John Tavares, Sharks face off with no regrets over how free agency unfolded

Hockey Central at Noon talks about Erik Karlsson not being quite himself on the San Jose Sharks after dominating on the Senators for so many years.

SAN JOSE, Calif. — The Sharks rolled out their finest teal carpet while pursuing John Tavares in free agency last summer.

They showed up to their face-to-face meeting with a contingent that included Hasso Plattner — the seldom-seen team owner and founder of tech giant SAP — and discussed not only the merits of a first-class organization, but also some of the off-ice business opportunities that would be available to him while living in Silicon Valley.

They were even willing to go as high as $91-million to sign No. 91, which is $2-million more per season on a seven-year deal than he ended up getting from the Toronto Maple Leafs.

In fact, had Tavares not been seduced by the chance to come home and join a young team with Stanley Cup upside, he could very well have ended up here playing on the other side of Thursday’s Leafs-Sharks game at SAP Center.

That would have thrilled San Jose coach Peter DeBoer, who already boasts a stacked lineup without him. His history with Tavares includes a couple Team Canada experiences at the IIHF World Hockey Championships and the 2008 Super Series junior event, and he considers the star centre one of the top players in the sport.

"I just love the honesty to his game. He plays both ends of the rink, he wins battles, he goes to the dirty areas of the rink, he makes other people around him better, which you think is everybody in the NHL, but it’s not," said DeBoer. "That’s a short list of guys. You can put a John Tavares with almost anybody and he’s going to make a line go or make those guys better. Joe Thornton has that ability, too.

"He’s just a special player."

Looking back on the July 1 free-agent decision now, you can appreciate how tough it was for Tavares. San Jose is a beautiful place to live and the Sharks have missed the playoffs only once in the last 14 seasons. They are leading the Pacific Division nearly a quarter of the way into this year, too.

This would be a top-drawer destination for any NHL player to land.

His other finalists were Tampa and Boston — both neck-and-neck with Toronto for the Atlantic Division lead — and Dallas, which plays in a tax-free state and is holding down a wild-card spot while playing out of the highly competitive Central Division.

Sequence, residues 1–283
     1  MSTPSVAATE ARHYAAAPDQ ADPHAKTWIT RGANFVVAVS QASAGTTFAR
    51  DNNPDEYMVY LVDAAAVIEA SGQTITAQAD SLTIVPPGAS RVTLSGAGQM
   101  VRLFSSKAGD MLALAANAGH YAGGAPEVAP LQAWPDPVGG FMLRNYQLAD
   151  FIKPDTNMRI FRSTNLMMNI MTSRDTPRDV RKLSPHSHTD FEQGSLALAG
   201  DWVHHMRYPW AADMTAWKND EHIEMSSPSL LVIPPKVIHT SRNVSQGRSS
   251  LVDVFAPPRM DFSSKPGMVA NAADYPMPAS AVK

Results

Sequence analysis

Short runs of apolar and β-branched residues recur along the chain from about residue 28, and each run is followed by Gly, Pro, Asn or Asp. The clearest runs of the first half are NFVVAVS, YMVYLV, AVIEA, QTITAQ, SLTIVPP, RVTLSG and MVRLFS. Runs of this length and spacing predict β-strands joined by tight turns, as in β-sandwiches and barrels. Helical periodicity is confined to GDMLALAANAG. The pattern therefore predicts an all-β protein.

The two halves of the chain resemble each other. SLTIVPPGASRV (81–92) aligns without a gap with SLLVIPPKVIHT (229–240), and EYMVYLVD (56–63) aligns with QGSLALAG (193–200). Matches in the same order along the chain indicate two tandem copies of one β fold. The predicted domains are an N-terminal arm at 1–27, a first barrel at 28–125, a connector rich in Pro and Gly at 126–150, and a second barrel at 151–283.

Even the New York Islanders team he left is enjoying prosperity under new head coach Barry Trotz.

In addition to the sentimental aspects of joining the Leafs team he grew up cheering for, Tavares saw a roster of players that could help elevate his game. It’s early yet, but he’s had the second-fastest start to a season in his NHL career and is currently on pace for 50 goals and 100 points while clicking nicely on a line with Mitch Marner and Zach Hyman.

Jeff Marek and Elliotte Friedman talk to a lot of people around the hockey world, and then they tell listeners all about what they’ve heard and what they think about it.

They’ve been instrumental in helping the Leafs weather the absences of Auston Matthews (left shoulder injury) and William Nylander (contract impasse).

"When I decided to come here I really felt this was a great situation for me to help the team, but also to be around a lot of the guys that were here that were going to help my game," Tavares said earlier this week. "Not just scoring goals, but certainly I want to be as productive as I can be and I try not to set a limit on anything. I think you’re always trying to strive for more.

"I knew it was a good situation that I was going to be able to really push myself and have a good support system here to help elevate my game and make me a better player."

Even as well as it’s gone, Tavares acknowledges that he’s still in an adjustment period. He thinks it could take the entire season before he rewires his brain and develops new routines. Something as small as playing with two right-handed shots in Marner and Hyman has been different after skating with left-shooting Anders Lee and Josh Bailey for most of the last two seasons.

"[I’m] playing with a new bunch of players and a different system, and kind of just feeling all that out. I probably feel like I’m thinking the game a lot more than being instinctive," said Tavares. "It’s hard to complain, but I still feel like there’s a lot of room for growth and to get better and to continue to feel more comfortable and feel like myself."

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The Leafs certainly aren’t complaining about the results.

Here in San Jose there are no regrets about how things played out either. The Sharks did an impressive job of selling their situation to Tavares and may not have been able to find enough cap space to make the Erik Karlsson blockbuster in September had he chosen to sign with them on July 1.

However, DeBoer’s respect for the player only grew when he sat down with the Sharks brass on June 26 as part of the free-agent courting period. It was an involved discussion.

"It was exactly what I thought John Tavares would ask," said DeBoer. "I don’t know him really well, but I’ve had him on some different teams at the world championship level and world junior. Very prepared, very educated, there was no fluff to the questions as I’m sure you guys can appreciate.

"He’s to the point and that’s how he plays, too."

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